Cooper receives visit from former NFL star, no longer needs feeding tube or IV for pain meds

A burst of good news brought a boost to the mood of Cooper Roberts, the 8-year-old paralyzed in the Highland Park July Fourth parade shooting.

Cooper is feeling much better now that he no longer needs a feeding tube or an IV for pain medication, according to an update from his family. He's finally able to eat many of his favorite foods, including dill pickle potato chips, Cheetos, Chick-fil-A, McDonald's and Goldfish snacks.

Not only is Cooper starting to eat the food he enjoys, but he's also able to maneuver better without all the tubes. He's even participating in wheelchair races at the Shirley Ryan AbilityLab in Chicago, where he's a patient.

"We are all so happy to see him eat," his family said in the update, "and will be working to get some fruits and vegetables back in the rotation!"

Cooper also received a visit from former Pittsburgh Steelers star Ryan Shazier, who learned to walk again after suffering a spinal cord injury during an NFL game in 2017. Cooper's twin brother, Luke, and his parents, Jason and Keely, also met with Shazier.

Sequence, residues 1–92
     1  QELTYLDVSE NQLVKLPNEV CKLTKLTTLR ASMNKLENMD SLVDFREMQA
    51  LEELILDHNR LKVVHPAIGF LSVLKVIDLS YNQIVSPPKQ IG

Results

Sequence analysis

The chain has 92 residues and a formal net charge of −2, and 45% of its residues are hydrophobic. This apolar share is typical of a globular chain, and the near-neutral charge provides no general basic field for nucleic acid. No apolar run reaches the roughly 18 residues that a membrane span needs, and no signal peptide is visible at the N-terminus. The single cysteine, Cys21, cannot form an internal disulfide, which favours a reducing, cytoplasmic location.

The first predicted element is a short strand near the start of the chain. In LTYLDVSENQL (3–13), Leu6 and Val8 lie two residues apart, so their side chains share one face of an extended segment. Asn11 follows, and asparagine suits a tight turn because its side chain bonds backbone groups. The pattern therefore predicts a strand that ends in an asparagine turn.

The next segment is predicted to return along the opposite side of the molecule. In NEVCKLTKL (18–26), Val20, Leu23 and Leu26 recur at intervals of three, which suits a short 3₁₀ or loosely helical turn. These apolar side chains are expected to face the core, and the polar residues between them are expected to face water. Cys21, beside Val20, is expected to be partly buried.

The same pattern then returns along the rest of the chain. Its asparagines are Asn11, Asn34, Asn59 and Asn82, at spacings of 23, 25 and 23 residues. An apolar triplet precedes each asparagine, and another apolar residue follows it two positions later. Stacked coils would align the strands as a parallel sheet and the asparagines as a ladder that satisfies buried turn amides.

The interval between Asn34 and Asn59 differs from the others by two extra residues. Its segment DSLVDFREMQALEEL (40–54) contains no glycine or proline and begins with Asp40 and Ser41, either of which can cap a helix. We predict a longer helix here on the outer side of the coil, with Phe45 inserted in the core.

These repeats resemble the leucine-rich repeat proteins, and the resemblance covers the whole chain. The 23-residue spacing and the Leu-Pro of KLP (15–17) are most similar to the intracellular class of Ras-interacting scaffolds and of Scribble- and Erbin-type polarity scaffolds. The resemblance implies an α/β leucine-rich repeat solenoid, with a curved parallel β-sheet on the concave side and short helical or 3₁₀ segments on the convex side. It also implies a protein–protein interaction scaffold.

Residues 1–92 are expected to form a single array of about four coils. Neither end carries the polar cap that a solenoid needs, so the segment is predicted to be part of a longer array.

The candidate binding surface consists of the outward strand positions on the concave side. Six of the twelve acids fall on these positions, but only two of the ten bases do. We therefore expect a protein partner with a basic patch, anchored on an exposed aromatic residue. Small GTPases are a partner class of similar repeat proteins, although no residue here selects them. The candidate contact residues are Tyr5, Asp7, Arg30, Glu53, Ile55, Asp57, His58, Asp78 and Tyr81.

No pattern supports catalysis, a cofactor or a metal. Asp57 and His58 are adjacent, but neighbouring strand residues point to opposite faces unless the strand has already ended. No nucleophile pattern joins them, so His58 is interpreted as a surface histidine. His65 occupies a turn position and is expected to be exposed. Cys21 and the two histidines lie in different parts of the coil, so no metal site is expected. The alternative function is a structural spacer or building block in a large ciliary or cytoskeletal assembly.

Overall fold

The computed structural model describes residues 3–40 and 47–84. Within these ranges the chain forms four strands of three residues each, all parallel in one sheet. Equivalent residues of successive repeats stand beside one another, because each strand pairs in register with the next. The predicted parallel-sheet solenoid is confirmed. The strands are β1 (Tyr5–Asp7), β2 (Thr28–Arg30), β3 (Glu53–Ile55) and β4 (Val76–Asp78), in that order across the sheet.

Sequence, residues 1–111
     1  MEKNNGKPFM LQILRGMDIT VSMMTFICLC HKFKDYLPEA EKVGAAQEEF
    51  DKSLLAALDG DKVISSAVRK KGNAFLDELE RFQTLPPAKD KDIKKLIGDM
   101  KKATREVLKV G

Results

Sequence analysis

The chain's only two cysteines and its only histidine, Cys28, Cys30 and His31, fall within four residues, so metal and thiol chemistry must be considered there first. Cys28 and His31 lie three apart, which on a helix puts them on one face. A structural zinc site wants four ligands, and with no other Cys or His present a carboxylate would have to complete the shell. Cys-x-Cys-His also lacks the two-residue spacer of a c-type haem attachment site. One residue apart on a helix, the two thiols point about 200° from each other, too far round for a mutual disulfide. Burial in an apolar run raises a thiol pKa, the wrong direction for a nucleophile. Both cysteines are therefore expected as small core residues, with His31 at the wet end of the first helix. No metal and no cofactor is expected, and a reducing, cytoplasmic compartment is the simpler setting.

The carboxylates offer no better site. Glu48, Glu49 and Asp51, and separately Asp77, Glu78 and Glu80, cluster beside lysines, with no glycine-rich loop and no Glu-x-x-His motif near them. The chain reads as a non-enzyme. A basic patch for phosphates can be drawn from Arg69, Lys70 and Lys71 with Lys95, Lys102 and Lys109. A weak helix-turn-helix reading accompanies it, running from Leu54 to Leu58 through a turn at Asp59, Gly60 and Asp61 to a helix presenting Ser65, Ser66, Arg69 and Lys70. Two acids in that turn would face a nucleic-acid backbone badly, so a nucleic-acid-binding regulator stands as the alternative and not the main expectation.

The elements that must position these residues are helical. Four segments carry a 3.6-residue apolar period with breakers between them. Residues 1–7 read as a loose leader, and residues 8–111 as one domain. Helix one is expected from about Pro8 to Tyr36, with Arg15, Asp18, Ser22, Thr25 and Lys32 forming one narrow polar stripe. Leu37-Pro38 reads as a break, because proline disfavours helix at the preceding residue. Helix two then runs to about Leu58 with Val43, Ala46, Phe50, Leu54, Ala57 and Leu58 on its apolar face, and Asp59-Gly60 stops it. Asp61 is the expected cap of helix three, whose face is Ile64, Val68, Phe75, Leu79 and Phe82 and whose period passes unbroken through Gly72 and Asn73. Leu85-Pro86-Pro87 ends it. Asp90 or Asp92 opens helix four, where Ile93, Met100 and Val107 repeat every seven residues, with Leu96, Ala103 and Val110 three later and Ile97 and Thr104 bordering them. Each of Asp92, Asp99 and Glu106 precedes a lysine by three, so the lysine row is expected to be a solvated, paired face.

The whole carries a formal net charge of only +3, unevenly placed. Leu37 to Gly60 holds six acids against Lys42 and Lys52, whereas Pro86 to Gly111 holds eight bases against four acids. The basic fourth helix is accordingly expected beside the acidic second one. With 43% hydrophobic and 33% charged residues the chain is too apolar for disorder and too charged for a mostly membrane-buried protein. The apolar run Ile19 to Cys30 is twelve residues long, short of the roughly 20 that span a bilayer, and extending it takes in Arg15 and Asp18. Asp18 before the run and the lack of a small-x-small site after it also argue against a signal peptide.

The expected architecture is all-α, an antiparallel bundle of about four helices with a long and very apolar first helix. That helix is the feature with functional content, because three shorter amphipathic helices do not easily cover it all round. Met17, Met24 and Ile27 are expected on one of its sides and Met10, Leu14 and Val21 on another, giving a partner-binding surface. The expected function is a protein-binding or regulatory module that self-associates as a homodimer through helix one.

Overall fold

The Ryan Shazier Fund for Spinal Rehabilitation focuses on giving people with spinal cord injuries and their caregivers the support and funding they require.

"Ryan was transparent, authentic, genuine and gracious in sharing insights with us about his path to recovery," the Roberts family said. "We are so grateful for Ryan's motivational words and great kindness in spending time with Cooper and Luke."

Cooper's family said they're still unsure about his prognosis 50 days after the shooting. They said doctors don't know what Cooper's limitations will be in the future.

Cooper was among the dozens wounded, including his mother and twin brother, when a gunman opened fire on parade spectators. Seven were killed.

A GoFundMe online fundraiser at has raised more than $1.97 million toward a $2 million goal to help pay for Cooper's medical care and future needs.

Cooper Roberts, in the wheelchair, poses with his twin brother Luke, left, his father Jason, second from left, his mother Keely, right, and former professional football player Ryan Shazier, second from right, who learned to walk again after suffering a spinal cord injury in 2017. Courtesy of the Roberts family
Article Comments
Guidelines: Keep it civil and on topic; no profanity, vulgarity, slurs or personal attacks. People who harass others or joke about tragedies will be blocked. If a comment violates these standards or our terms of service, click the "flag" link in the lower-right corner of the comment box. To find our more, read our FAQ.